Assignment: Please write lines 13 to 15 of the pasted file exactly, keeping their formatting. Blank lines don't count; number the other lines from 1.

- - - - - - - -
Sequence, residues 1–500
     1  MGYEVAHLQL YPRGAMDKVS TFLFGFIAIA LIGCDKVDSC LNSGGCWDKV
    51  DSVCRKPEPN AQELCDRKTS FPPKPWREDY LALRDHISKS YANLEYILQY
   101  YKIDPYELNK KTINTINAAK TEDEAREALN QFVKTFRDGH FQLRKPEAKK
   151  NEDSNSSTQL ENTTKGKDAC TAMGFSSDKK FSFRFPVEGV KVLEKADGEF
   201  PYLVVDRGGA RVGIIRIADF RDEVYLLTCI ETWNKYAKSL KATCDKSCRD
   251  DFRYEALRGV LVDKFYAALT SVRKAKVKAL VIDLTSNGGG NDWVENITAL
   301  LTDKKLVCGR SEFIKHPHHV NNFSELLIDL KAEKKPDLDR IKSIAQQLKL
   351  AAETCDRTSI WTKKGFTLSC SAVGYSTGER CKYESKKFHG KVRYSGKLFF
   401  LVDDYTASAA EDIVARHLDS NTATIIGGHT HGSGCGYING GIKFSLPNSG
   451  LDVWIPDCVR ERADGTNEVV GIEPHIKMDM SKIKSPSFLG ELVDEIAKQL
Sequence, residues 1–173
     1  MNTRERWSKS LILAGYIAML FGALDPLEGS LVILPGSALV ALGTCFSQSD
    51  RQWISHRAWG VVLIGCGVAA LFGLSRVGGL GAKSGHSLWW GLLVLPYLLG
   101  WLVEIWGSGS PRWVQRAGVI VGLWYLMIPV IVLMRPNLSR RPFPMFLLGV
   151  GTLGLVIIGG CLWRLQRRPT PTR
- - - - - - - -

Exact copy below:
     1  MNTRERWSKS LILAGYIAML FGALDPLEGS LVILPGSALV ALGTCFSQSD
    51  RQWISHRAWG VVLIGCGVAA LFGLSRVGGL GAKSGHSLWW GLLVLPYLLG
   101  WLVEIWGSGS PRWVQRAGVI VGLWYLMIPV IVLMRPNLSR RPFPMFLLGV